Firstly, I realized that OData shares a lot of basic design decisions with everest: Both put uniform REST operations on the exposed data objects at the center and use ATOM as the main representation content type; OData “entities” correspond to everest “member resources”, “entity sets” to “collection resources”, “properties” to “attributes”, and “navigation properties” to “links”. Initially, I was quite flattered that a project as serious and widely known as OData would make a lot of the same design decisions as we did, but then I realized that most of these shared elements are actually “forced moves” in the sense that they are just the most sensible way to build a uniform RESTful web service framework.

The second thing that fascinated me about the OData specification were not the similarities with everest, but the differences. I will quickly point out a few of them that I found most striking, starting with OData features that are missing in everest:

  • Complex data types. The everest data model only distinguishes between resources (which may reference other, nested resources) and “terminal” data objects (which have a simple, atomic type). While this simplifies the protocol, it forces the service provider to expose all complex data types as full blown, addressable resources, which is not always desirable;
  • Query parameters for fine-tuning the response.. Specifically, the client can control which attributes of a resource should be included in the representation returned by the server (using the $select parameter) and whether they should be represented inline (using the $expand parameter) or as URLs (using the $links parameter). In everest, this can only be done statically for each combination of resource and representation;
  • Operations on resources. I can only guess that this part of the OData specification was added to make the transition from SOAP based web services easier. everest purposefully abstains from a “hybrid” service architecture (i.e., mixing REST with RPC-style operations). In our daily practice, we have yet to encounter a situation where (admittedly sometimes creative) use of the REST operations was not sufficient to implement the required application logic;
  • Support for PATCH.This is a really nifty feature – the ability to do partial updates for large resources is enormously useful;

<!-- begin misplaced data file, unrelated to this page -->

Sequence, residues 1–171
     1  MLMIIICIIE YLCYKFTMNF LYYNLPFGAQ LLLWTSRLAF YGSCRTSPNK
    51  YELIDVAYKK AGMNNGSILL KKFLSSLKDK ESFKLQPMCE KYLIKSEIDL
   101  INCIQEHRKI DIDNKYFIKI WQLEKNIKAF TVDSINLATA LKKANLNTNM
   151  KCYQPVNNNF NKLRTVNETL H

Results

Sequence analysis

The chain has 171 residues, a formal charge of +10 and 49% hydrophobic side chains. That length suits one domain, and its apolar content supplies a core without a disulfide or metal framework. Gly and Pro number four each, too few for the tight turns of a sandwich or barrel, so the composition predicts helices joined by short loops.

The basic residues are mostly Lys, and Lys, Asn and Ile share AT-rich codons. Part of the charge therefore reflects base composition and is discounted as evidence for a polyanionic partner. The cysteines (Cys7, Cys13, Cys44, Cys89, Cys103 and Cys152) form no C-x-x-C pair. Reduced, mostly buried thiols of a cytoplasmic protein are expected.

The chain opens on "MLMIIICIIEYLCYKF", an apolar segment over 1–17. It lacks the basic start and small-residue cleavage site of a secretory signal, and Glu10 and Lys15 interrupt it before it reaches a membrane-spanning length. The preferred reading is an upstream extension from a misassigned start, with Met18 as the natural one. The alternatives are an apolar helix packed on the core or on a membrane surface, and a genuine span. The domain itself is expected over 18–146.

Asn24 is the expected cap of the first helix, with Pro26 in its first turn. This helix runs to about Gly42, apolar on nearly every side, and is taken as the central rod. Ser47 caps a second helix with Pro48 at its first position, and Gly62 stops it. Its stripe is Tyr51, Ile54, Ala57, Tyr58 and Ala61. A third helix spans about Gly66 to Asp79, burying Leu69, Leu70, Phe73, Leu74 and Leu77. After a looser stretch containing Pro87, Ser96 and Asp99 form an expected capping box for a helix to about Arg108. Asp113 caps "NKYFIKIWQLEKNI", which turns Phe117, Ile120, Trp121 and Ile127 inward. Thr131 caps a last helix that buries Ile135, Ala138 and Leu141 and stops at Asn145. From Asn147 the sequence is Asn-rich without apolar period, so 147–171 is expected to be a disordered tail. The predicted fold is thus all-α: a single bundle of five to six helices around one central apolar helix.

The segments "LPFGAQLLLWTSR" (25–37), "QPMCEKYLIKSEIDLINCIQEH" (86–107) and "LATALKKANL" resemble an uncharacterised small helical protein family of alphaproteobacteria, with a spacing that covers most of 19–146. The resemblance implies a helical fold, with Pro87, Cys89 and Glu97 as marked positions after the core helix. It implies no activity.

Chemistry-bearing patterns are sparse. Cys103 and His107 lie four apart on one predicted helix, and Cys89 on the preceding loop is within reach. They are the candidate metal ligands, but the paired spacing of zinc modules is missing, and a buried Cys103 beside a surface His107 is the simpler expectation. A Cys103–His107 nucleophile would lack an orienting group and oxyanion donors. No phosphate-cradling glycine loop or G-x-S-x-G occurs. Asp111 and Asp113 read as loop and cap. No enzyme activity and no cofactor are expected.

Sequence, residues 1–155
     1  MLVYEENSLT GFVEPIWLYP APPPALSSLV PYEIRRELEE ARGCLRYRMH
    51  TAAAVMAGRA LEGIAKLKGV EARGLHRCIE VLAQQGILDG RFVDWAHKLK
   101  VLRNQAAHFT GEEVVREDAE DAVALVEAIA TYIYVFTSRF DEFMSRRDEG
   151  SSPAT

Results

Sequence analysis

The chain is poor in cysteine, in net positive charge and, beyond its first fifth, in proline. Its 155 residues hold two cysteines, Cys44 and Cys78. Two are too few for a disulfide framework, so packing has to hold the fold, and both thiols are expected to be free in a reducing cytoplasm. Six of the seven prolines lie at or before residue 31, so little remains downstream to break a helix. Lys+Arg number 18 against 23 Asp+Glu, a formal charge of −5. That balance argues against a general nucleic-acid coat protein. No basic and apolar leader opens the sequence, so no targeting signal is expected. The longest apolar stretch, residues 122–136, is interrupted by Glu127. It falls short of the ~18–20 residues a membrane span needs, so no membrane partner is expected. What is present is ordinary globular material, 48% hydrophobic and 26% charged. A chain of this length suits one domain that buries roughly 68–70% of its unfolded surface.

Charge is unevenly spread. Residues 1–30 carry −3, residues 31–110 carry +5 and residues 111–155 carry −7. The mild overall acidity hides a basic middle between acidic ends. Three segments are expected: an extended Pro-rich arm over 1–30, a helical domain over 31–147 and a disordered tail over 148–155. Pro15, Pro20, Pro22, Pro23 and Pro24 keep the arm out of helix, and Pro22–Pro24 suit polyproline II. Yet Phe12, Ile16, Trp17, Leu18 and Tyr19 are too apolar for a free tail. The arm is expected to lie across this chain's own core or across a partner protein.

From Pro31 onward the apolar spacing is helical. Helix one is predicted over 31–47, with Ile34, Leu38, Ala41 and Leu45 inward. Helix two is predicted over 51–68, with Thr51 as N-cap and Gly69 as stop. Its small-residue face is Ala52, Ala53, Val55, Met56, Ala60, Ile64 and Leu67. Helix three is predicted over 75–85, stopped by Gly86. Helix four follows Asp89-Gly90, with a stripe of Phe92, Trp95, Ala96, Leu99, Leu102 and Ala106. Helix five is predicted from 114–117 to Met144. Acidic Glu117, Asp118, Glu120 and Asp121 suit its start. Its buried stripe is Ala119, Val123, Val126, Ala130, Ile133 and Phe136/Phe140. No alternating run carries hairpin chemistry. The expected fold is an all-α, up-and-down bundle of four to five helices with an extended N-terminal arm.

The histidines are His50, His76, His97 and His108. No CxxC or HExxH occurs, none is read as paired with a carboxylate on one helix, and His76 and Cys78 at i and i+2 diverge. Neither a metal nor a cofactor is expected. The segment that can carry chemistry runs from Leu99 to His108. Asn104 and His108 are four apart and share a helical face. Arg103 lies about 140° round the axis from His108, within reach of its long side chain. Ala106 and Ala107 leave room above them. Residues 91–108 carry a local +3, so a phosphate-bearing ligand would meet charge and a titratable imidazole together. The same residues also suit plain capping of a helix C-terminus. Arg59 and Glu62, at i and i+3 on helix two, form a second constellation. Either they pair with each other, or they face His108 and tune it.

• Math and grouping operators for filter operations. This is also a neat feature as it provides a substantial extension of the realm of possible queries at relatively little cost.

There are also a few things that everest offers and OData does not:

  • Decoupling of resource and entity level. In everest, the resource layer is constructed explicitly on top of the entity domain model. Only entity attributes that are exposed through a resource attribute are visible to the client. This allows you to a) Expose a pre-existing entity domain model through a thin resource layer as a REST application; and b) Isolate changes in your entity domain model from the resource layer. Of course you could also perform such a mapping inside an OData application, but this would have to happen outside of the framework;
  • “in-range”, “contains” and “contained” operators for filter operations. Especially the “contained” operator is very handy in cases where you want to retrieve a whole collection of resources with one request;
  • CSV as representation content type. This is vital in our application domain (Life Sciences) where data import and export is still often manual (e.g., through Excel).

In the end, I came away deeply impressed with OData: The protocol specification leaves little to be desired and has been adopted by a thriving ecosystem of producers and consumers. I still think everest has a few things to offer, however: If you are already committed to OData, you could use it to reflect on OData‘s design (like I just did in the other direction); if, on the other hand, you are a Python-affine web developer looking for a RESTful framework to open up a number of data silos in your organization, everest might be able to supply all the functionality you need with very little overhead.

Last night, I was looking for a background image that would visualize the main theme of this blog to make it more appealing. Since we chose “Bits and Bases” as the tag line for the blog, an image showing random sequences of bits interspersed with random sequences of nucleotid bases seemed perfectly adequate. Not unexpectedly, a web search for suitable images did not turn up any useful hits, so I started to look for a programmatic way to create the desired symbol strings, preferably in my favorite language, Python.

There are at least a dozen different packages that would allow you to do this comfortably in Python, but I ended up with a slightly unusual choice: NodeBox, an application that allows you to create stunning 2D visuals with very little effort. What was particularly captivating about NodeBox was not only the beauty of the samples shown in the gallery, but the ease with which it allows you to explore its features interactively: Just copy&paste some of the sample code in the script editor panel, press F5 and review your rendered artwork on the display panel (or, if your script contains an error, decipher the strack trace in the message panel).

The script shown below runs inside the NodeBox environment which already has all the relevant drawing functions in the global namespace:

Pretty simple – but it is astonishing how different the results look with different symbol and background colors or with different font sizes.

Obviously, the script above only scratches the surface of what NodeBox can do. There is much more to explore within NodeBox (paths, transformations, images) and beyond (e.g., the fancy NodeBox 2 project which adds a graphical workflow layer on top of the NodeBox engine). Enjoy!